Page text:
A lot of people say not to try to write for the masses. I think that’s a load of crap. People will be reading this book. Or at least that’s the intention. I need to write it so that they will enjoy it. Is this part too long? That part too slow? Is this character memorable? These are all questions writers need to be asking themselves as they go along. Brandon taught me to ask myself questions like that.

  • What’s changed for you now that your first book is about to hit the shelves?

A year and a half ago, I had lost my poor-paying job and had absolutely nothing. My agent was insisting on more edits for Promise of Blood before she’d submit it (which, by the way, she was totally right about). I was depressed, penniless, and couldn’t find employment.

Now I’m about to be released in hardback internationally. While there is a whole new set of worries and stresses that come along with the release, you can’t imagine the relief I feel at being able to earn money doing what I love.

  • I have to through the most cliche’ question out there. Who are your favorite authors and what are some of your favorite books?

I have too many favorite authors to list. Brandon Sanderson is up there, even though I haven’t had the chance to read his last couple. Joe Abercrombie is a personal hero of mine and can write no wrong. Steven Erikson’s Malazan Book of the Fallen is about the damn coolest series out there. I’ve had a few people compare my writing to Brent Weeks’, which is a huge compliment because I love his stuff. I recently read the first two books in Mark Lawrence’s Broken Empire series and really enjoyed them.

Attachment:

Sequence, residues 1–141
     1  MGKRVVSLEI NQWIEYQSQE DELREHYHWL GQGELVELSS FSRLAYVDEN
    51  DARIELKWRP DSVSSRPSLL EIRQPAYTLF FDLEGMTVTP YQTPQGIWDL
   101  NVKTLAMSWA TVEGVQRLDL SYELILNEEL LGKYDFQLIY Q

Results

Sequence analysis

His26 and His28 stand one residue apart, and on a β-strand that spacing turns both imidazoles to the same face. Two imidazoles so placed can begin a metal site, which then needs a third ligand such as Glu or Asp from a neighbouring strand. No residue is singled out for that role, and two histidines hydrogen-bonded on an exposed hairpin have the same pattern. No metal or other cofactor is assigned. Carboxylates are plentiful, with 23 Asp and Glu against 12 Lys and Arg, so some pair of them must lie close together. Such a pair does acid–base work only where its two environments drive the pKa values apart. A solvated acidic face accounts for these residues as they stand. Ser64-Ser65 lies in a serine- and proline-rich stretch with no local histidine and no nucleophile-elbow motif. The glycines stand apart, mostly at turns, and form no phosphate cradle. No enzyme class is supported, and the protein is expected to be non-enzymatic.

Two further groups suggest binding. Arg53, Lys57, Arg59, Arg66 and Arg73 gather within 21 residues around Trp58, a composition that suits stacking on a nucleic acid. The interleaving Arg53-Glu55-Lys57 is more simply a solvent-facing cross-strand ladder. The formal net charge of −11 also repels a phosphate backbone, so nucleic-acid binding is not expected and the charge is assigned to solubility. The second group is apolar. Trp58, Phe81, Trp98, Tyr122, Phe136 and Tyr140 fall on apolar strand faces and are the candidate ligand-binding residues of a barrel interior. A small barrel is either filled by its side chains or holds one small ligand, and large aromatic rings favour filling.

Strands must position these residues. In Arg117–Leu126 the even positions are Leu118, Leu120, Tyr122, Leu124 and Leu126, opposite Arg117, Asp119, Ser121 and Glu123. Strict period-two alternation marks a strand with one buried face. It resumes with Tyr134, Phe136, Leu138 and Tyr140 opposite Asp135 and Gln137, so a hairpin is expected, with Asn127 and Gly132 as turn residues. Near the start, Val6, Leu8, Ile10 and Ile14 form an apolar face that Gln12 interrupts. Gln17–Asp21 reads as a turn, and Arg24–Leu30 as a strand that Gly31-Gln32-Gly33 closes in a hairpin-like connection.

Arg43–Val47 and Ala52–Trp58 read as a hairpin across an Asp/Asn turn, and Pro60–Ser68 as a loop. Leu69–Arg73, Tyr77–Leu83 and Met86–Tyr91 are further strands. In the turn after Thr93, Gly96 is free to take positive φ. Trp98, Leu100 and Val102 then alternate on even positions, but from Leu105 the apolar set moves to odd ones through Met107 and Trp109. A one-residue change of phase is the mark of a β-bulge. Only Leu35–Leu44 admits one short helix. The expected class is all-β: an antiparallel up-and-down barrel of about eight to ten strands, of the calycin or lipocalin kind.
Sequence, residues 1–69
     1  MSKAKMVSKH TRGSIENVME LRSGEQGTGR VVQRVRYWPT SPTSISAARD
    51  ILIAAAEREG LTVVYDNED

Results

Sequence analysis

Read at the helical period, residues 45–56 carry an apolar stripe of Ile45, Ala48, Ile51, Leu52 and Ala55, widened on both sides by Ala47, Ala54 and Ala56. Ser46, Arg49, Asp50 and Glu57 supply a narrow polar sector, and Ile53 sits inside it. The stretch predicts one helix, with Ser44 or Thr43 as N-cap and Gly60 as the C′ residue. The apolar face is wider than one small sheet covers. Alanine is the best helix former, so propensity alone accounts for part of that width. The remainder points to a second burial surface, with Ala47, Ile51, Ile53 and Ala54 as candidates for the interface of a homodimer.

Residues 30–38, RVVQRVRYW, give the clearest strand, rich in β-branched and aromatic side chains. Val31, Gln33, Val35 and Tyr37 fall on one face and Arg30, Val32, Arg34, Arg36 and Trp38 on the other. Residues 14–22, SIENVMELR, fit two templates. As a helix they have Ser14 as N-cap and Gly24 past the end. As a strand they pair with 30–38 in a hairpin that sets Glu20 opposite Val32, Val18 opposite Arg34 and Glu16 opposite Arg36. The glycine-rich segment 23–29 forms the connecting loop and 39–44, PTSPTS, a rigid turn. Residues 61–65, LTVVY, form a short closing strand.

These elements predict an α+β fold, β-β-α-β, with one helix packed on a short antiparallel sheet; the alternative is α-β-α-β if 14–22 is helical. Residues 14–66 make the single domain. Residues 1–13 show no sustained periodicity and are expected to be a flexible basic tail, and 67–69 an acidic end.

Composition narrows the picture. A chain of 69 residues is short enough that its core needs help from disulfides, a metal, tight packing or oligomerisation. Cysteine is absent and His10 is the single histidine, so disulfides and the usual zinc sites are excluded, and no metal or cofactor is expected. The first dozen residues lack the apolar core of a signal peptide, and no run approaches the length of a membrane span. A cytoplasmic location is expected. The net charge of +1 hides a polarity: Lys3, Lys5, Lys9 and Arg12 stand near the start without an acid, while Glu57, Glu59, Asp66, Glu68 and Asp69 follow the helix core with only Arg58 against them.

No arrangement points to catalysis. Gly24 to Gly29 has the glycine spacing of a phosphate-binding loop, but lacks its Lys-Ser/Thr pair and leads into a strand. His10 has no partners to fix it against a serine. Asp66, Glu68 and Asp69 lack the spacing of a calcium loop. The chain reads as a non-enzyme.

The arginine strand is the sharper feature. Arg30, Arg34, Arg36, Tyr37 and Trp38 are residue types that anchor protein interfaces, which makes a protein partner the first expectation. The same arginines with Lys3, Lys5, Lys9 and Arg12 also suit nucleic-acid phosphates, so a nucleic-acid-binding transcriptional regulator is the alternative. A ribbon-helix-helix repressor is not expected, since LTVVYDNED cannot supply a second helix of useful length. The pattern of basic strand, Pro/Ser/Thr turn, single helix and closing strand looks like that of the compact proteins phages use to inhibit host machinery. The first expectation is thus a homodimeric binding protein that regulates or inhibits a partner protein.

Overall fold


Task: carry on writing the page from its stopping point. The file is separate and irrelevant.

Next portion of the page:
Same thing with books: too many. But my absolute favorites are Les Miserables and The Count of Monte Cristo.

  • Now for the book itself, could you sum up Promise of Blood in a few lines for those who haven’t heard anything yet?

Promise of Blood is a second-world epic fantasy set during the world’s industrial revolution. It begins with a coup as Field Marshal Tamas, a sorcerer with the ability to manipulate gunpowder, deposes his foppish monarch and aims to give his nation back to the common people. Things get hairy and Tamas has to deal with royalist uprisings, a predatory neighbor nation, and superstitious riddles that any modern man should feel safe ignoring.

  • Promise of Blood has one of my favorite tag lines, “The age of Kings is dead… and I have killed it.” What made you want to focus on the theme of revolution?

It came with the time period. I had already decided on the early 1800s for a geo-political and technological basis for the book. I almost had to include a revolution.

  • What was it that made you decide to write in a world not only where gunpowder is common but features heavily in one of your magic systems?

I was brainstorming my next book and I wanted to do something completely unique for the magic system. I’d already decided to use flintlock muskets and rifles in the book. The next logical step was to base the magic around gunpowder used in those weapons. It was one of those moments where you say to yourself, “why hasn’t anyone done this yet?”

  • Your characters are each older than the standard teenager found in much of standard fantasy. Adamat, Tamas, and Taniel have each had their own adventures, is there any chance we’ll get to see any of this?

Who knows? We’ll see how people like the trilogy and if Orbit wants me to write more in that world. I certainly want to write more in that world. There are some very cool adventures that happen before the books that I hint at in Promise of Blood and I talk about more in The Crimson Campaign.

  • What comes next after Promise of Blood?

The Crimson Campaign, book two of the Powder Mage Trilogy, will be hitting shelves in February of 2014. I think that book three is scheduled for September of 2014, but don’t quote me on that.

Like I said, I’d love to write more in the world when this trilogy is finished, but I also have other worlds floating around in my head.